Update: guy won $30 million; judge freezes half of prize at request of ex-wife

There was some chatter on the boards a few months ago about the guy in Ontario who won $30 million in the lottery and put the ticket in a safe deposit box for nearly a year. He said at the time he waited a year just to make sure he didn’t do anything stupid with the money, but it also came out that he had been married at the time and it sounds like he divorced his wife during the year.

Well, his ex is now suing him for half of the winnings, and has got an order from the Ontario courts freezing half of the $30 million pending disposition of the law suit: Half of big lottery winner’s assets frozen:

Not the first time this has happened, with the same results.

Husband, or wife, realizes they have won the lottery, got divorced and cashed the ticket…the courts almost always go back and divide the money.

I am sure there have been more clever people…taking the money and staying “poor” for a few months or even a year.

Then there was the guy who won one of the biggest jackpots in Powerball history…his divorce had gone through exactly a week before he won it and she was entitled to nothing.

One happy man, and he moved here to Las Vegas and bought a big ass house next to Wayne Newton’s place - with his kids and a new wife.

As the old joke goes:

Quick, pack a suitcase, I won the lottery!
For hot weather or cold?
I don’t care, just be out of the house by noon.


The last time I saw that word was in a freshman English student’s first draft of her first paper.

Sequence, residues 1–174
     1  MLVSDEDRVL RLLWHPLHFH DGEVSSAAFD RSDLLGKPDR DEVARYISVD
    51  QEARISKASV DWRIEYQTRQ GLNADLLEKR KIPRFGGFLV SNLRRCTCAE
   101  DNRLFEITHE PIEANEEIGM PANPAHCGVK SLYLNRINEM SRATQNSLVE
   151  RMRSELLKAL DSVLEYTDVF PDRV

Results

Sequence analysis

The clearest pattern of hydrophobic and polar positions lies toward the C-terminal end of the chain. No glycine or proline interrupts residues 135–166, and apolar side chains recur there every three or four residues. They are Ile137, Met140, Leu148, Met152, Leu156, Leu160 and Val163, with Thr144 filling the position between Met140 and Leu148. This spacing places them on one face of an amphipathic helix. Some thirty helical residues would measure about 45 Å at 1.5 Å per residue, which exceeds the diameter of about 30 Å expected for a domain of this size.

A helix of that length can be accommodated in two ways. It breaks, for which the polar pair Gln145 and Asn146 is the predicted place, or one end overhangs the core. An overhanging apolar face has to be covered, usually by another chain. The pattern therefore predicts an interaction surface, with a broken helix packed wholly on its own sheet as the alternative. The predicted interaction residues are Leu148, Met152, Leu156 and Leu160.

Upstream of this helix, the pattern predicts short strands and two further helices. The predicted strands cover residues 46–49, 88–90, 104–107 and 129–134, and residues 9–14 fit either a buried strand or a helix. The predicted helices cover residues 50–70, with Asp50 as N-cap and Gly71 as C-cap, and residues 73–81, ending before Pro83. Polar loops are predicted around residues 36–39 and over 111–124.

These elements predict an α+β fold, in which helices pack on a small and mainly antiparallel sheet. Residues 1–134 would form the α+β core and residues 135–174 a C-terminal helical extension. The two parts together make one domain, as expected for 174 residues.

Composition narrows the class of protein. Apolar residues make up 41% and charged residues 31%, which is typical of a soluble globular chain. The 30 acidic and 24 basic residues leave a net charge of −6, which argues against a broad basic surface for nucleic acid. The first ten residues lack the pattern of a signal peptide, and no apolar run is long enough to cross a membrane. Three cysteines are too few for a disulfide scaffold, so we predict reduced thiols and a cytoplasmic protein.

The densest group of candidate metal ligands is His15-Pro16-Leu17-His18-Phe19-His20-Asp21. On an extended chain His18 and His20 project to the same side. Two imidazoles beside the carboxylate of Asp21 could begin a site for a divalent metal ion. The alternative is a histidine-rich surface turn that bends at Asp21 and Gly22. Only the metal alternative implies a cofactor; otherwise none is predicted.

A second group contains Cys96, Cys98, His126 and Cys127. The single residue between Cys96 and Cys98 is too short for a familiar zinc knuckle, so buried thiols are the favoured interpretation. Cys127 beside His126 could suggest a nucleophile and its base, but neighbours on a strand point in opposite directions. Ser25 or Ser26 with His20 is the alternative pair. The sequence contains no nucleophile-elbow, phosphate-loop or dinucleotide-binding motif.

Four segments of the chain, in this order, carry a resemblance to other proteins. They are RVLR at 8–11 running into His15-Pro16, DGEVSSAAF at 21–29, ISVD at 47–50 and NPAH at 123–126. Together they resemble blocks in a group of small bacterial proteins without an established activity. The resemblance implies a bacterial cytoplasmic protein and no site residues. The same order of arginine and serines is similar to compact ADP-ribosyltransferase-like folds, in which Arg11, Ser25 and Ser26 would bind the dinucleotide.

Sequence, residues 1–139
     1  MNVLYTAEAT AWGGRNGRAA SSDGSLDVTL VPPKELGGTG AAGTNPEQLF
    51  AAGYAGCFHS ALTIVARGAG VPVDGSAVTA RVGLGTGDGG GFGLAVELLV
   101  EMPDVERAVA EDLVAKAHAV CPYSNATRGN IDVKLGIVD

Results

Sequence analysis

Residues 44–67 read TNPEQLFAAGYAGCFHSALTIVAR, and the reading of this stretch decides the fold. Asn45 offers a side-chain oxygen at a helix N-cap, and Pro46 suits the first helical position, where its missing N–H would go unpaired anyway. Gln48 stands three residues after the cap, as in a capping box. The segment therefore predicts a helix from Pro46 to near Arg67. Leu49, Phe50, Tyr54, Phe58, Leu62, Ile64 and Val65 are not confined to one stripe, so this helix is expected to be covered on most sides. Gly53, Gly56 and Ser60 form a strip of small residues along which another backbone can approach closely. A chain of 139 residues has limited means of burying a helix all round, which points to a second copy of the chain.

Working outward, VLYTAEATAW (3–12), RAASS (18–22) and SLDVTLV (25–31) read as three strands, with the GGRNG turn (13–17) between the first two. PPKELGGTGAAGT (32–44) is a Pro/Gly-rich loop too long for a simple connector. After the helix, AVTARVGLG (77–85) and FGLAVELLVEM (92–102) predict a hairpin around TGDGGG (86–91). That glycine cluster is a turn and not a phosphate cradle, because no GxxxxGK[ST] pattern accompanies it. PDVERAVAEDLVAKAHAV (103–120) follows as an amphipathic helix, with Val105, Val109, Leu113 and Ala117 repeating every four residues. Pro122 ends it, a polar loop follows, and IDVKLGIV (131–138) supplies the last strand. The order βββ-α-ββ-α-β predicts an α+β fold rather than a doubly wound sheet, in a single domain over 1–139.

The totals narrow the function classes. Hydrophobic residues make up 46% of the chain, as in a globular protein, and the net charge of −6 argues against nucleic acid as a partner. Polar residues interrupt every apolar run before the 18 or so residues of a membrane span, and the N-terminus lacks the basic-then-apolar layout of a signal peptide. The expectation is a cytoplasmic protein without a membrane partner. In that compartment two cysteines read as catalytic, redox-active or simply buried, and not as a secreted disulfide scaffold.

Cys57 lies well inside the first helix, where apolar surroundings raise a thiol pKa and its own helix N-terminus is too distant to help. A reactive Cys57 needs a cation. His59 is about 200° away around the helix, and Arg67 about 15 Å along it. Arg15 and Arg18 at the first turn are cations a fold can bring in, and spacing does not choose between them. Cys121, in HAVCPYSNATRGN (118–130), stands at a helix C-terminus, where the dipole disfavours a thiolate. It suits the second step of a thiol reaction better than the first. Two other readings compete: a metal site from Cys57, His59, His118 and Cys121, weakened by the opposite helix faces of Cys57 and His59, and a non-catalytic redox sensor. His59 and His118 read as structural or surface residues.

Is that a Canadian/law thing?

You see it from time to time in affidavits and such. I never use it myself, and train my articling students not to use it. Plain language is my goal.

LOL. Are you a professor? That’s so funny imagining a student finding a word like that and using it with the best of intentions :D.

Live and learn :).

Sometime sessional lecturer, but primarily practising barrister & solicitor. The reference was to articling students - after graduating from law school, in Canada you have to serve a year of articles as a student-at-law with a lawyer, as a form of apprenticeship.

It’s not uncommon for archaic language to be used in modern legal documents. We tend to rely on precedents (i.e. - templates) that have stood the test of time. Some lawyers don’t worry about old language, but others try to update them.

I’ve never understood people’s motives in cases like this. Unless the guy really really really hated his wife, why not split it with her? I mean, even if he split it with her, he still gets $15 million!. Good lord, if $15 million won’t keep him happy…

That behavior reminds me of women who file for divorce, get a big alimony judgment, and then refuse to remarry so that they can punish their ex by making him pay for years and years and years.